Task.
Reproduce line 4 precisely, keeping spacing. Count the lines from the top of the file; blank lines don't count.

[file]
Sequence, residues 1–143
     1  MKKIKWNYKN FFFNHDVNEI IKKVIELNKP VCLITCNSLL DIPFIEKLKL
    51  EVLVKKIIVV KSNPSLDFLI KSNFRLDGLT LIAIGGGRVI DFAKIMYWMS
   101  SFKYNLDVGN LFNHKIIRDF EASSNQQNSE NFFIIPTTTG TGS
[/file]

   101  SFKYNLDVGN LFNHKIIRDF EASSNQQNSE NFFIIPTTTG TGS